This year, we are truly honored to be recognized by the Impact Fund at their 2020 Gala: Truth to Power. For nearly 30 years this remarkable organization has made it possible for civil rights advocates to get to the very root of injustice and create transformative social change.
In the case of our litigation in Missouri, The Impact Fund’s early support was pivotal to a groundbreaking victory in the first federal class-action lawsuit in the country to focus singularly on the widespread and often dangerous use of psychotropic medications among youth in foster care.
The case was brought in 2017 on behalf of approximately 13,000 children in the foster care system in Missouri by Children’s Rights and our amazing co-counsel the National Center for Youth Law, the St. Louis University School of Law, and Morgan, Lewis & Bockius.
The suit alleged a longstanding failure by the state to provide adequate oversight in the administration of powerful psychotropic medications to children in government care. At the time we filed suit, 30% of children in foster care were taking one or more psychotropic medications—more than quadruple the percent of children on Medicaid. Of these children, 20% were subjected to an outlier prescription, which means they were prescribed too many or too much psychotropic medication, or at too young an age. Some children in foster care were prescribed as many as seven psychotropic medications at one time.
Named plaintiffs in our case ranged in age from 2-14. These included a 14-year-old who had been administered more than six psychotropic drugs in three years while moving to new placements eight times. A 12-year-old who required psychiatric hospitalization when given the wrong dosage of her medications after being moved from one home to another without written medical instructions for the new caretaker. And two siblings three and two years of age who were put on an antipsychotic not approved for any reason for patients under the age of five.
For children in foster care, psychotropic medications, especially antipsychotics, are often used as chemical straitjackets to control behavior — and not to treat the limited illnesses for which the FDA has approved their use in children. Although children in foster care are often administered these drugs for months or years, there is little to no research demonstrating their impact on the developing brains of children or adolescents.
The consequences can be serious. The incidence of type 2 diabetes for children given these drugs is three times as high as for children not medicated. They can cause other profound and even permanent adverse effects including psychosis, seizures, suicidal thoughts, aggression, weight gain, and organ damage.
The grave harms flowing from psychotropic medications are exacerbated because these children often live with caretakers who do not have detailed knowledge of their trauma background, mental health needs, or medical history. And because many states do not maintain centralized or complete medical records for kids in foster care, foster parents and physicians find themselves attempting to care for a foster child while in the dark about the child’s history, past treatments, and responses to treatment. This puts children at a heightened risk because of the lack of an adequate oversight system to ensure that psychotropic drugs are administered safely and only when necessary.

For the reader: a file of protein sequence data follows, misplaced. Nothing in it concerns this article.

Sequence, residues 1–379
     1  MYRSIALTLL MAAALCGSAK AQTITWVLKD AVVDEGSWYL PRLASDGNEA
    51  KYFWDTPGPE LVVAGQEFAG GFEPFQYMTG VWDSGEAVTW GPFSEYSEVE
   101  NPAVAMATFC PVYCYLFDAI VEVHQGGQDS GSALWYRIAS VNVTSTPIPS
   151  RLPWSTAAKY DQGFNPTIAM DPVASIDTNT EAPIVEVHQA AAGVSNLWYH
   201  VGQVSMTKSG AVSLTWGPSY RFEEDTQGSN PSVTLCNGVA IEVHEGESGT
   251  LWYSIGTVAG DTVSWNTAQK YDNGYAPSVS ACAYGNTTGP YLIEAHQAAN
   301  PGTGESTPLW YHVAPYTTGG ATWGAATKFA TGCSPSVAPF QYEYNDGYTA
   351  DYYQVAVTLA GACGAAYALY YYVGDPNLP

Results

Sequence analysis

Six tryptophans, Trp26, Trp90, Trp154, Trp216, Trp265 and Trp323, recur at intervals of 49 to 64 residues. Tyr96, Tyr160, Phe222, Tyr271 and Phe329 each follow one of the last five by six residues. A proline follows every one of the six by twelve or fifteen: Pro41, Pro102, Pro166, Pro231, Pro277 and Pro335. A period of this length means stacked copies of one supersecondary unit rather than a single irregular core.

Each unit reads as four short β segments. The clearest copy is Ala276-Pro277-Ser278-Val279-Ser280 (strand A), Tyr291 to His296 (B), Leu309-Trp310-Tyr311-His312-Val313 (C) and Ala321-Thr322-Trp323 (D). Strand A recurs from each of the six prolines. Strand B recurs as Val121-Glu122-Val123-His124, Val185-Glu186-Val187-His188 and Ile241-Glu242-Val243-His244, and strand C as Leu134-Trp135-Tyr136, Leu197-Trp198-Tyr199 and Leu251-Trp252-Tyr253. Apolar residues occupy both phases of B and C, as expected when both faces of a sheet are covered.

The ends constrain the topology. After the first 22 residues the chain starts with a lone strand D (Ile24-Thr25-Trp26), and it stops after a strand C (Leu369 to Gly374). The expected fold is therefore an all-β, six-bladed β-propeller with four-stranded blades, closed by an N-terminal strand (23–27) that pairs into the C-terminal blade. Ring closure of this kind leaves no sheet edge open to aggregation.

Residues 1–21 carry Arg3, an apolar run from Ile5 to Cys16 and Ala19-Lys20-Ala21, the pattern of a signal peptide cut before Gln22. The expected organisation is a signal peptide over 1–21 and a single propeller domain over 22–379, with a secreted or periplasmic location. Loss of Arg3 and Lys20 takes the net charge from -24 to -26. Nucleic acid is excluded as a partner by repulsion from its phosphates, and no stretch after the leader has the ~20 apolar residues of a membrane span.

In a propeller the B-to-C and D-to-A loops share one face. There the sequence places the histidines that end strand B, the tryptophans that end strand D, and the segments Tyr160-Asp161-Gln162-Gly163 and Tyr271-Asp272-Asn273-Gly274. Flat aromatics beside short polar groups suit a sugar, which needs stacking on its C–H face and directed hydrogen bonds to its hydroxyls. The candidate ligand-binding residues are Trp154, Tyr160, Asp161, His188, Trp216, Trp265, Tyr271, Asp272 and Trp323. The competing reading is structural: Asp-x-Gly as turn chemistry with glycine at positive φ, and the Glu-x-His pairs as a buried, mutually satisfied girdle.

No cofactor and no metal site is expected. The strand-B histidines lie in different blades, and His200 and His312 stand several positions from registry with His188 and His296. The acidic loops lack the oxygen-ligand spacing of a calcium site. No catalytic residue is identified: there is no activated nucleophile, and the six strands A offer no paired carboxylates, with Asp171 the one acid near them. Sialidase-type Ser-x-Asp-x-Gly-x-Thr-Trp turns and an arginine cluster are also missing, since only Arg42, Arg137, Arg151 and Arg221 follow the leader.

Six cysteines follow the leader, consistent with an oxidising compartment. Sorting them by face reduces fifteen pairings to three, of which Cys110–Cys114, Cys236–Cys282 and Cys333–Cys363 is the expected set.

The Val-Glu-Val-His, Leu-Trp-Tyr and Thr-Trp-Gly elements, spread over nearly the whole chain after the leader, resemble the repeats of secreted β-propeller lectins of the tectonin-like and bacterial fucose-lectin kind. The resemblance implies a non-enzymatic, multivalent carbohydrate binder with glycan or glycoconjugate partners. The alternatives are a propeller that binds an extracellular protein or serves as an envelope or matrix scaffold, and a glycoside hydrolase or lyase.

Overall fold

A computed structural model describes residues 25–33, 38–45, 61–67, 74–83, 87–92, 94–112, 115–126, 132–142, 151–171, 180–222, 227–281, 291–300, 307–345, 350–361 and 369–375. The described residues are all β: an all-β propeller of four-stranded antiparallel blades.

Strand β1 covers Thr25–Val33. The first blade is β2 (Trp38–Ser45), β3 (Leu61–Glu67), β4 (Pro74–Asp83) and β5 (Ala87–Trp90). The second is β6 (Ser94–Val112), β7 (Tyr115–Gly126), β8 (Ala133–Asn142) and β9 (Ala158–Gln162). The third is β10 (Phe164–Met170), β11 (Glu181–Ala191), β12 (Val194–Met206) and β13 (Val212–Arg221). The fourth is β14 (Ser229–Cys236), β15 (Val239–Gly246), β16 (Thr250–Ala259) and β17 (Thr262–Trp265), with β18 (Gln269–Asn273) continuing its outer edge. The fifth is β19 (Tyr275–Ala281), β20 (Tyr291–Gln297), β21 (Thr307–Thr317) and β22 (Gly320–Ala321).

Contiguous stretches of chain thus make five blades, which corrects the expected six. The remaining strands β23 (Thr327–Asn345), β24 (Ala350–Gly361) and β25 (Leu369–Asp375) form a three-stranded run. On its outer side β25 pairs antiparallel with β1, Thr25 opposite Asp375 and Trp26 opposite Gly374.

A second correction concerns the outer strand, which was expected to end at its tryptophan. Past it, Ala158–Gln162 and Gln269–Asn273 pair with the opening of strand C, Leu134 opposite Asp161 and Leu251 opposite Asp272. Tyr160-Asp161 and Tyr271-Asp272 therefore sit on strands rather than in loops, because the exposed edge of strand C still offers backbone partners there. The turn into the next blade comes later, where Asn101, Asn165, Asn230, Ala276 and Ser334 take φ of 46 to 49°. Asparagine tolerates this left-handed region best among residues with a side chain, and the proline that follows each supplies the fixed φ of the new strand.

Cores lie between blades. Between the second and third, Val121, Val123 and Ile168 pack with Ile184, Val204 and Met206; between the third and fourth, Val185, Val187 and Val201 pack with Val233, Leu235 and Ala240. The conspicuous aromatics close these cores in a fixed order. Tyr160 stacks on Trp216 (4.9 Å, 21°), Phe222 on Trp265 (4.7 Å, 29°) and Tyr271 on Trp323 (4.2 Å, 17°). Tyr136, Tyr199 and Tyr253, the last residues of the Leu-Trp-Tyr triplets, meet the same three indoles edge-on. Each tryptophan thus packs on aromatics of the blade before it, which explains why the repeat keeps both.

At the final hearing, we heard testimony from a foster mom, a grandfather, and a birth mother all speaking with great emotion about the harm done to children they love. But the words that I found most sobering were those of a young woman who had spent her teen years in the Missouri foster care system. She was put on daily doses of multiple drugs that caused confusion, hallucinations and myriad health problems. She gained nearly 100 pounds in the course of a few months. She felt betrayed by the very system charged with keeping her safe.
Last December, a US District Court Judge gave final approval to a settlement to make sure what happened to this young woman will happen no more. Missouri is now implementing comprehensive reforms to protect children. Medical records will be monitored; doctors and caregivers, with real input from youth, will vet the risks and the benefits of medication before it is administered; an independent child psychiatrist will provide secondary review of prescriptions for efficacy and safety; and caseworkers will be trained on the appropriate use of these medications.
Our settlement will establish better practices that prioritize the health and well-being of the state’s most vulnerable children. But Missouri is far from the only state where the administration of psychotropic medications is a problem. On any given day, there are more than 440,000 children in U.S. foster care. All are victims of trauma—through abuse, neglect, and the experience of removal from their homes. Nearly all enter state custody with significant mental health needs, which too frequently leads to the prescription of psychotropic medications.
The Missouri settlement is so strong that we believe it represents a wake-up call for other states and sets the stage for similar wins nationwide. Right now, Children’s Rights and our partner advocates are investigating potential cases in several other states where children in foster care are indiscriminately subjected to psychotropic medications.
If the moral test of a society is how it treats its children, we have a long way to go. But the Missouri case sets an example for other states that reform is possible.
The Impact Fund is well-named.
They have had an enormous impact on our work, and their faith in this case will have a long tail. By raising the bar for further accountability in foster care systems nationwide, The Impact Fund is helping to keep children healthy and safe.
On behalf of everyone at Children’s Rights. Thank you.